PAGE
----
“one thing is for sure. His success in tackling the major issues of our time will depend on his establishing a degree of common purpose with his partners in national governance at the other end of Pennsylvania Avenue and with his partners in global governance around the world.”
– Elsewhere, over at The Cable, Josh Rogin reports on the slow progress of reviews into US development policy – the Presidential Study Directive on Global Development and the Quadrennial Diplomacy and Development Review. The Economist, meanwhile, highlights Brazil’s growing identity as a significant aid donor.
– Finally, the head of the UK Financial Services Authority, Adair Turner, cautions against the default acceptance of prevailing economic ideology, suggesting that policymakers would do well to draw on a diversity of economic opinion. Joseph Stiglitz, meanwhile, explores the Keynesian prescription for the global economy.
It’s commonplace to describe the financial crisis as a once-in-a-century event, but I question whether that is the case. Perhaps we’re not in the midst of a short-lived financial shock, but a long crisis that stretches back into the 1990s.
Here’s Paul Blustein on Alan Greenspan:
The Fed chief told the G-7 that in almost fifty years of watching the U.S. economy, he had never witnessed anything like the drying up of markets in the previous days and weeks.
Greenspan wasn’t speaking in Autumn 2008 when Lehman’s collapsed, however, but ten years’ earlier in the wake of the spectacular blow-up of Long-Term Capital Management, which lost $4.5 billion almost overnight in what the fund’s principals post-rationalised as a 100-year flood.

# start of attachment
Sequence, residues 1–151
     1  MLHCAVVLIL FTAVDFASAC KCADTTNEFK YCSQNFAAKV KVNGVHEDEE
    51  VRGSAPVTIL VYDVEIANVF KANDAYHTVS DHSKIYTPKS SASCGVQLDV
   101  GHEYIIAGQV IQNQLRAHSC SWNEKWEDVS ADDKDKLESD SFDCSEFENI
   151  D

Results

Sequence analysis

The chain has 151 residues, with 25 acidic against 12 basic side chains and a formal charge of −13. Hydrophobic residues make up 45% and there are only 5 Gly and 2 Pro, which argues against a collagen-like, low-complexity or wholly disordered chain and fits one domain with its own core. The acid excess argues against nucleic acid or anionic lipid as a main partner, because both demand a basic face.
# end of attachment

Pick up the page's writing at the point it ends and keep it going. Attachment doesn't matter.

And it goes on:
Long-Term (with its superbly hubristic name) was brought low by derivatives, just as Lehman’s would be a decade later.
(Robert Rubin, Clinton’s Treasury Secretary, was one of those left picking up the pieces – part of ‘the committee to save the world’, with Greenspan and Larry Summers. Rubin went on to preside over Citigroup as it needed a succession of massively expensive bailouts, when its derivatives tanked in the subprime crisis.)
The proximate cause of Long-Term’s failure was Russia’s Rouble crisis, when the country defaulted on its debt after the IMF refused to mount a second bailout.
The Russian crisis itself came in the midst of a long series of dramatic economic failures that hits the world between 1997 and 1999, mostly in East Asia (Thailand, South Korea, Indonesia etc), but which also battered Brazil and would devastate Argentina in 2002. Blustein again:
Time and again, panics in financial markets proved impervious to the ministrations of the people responsible for global economic policymaking.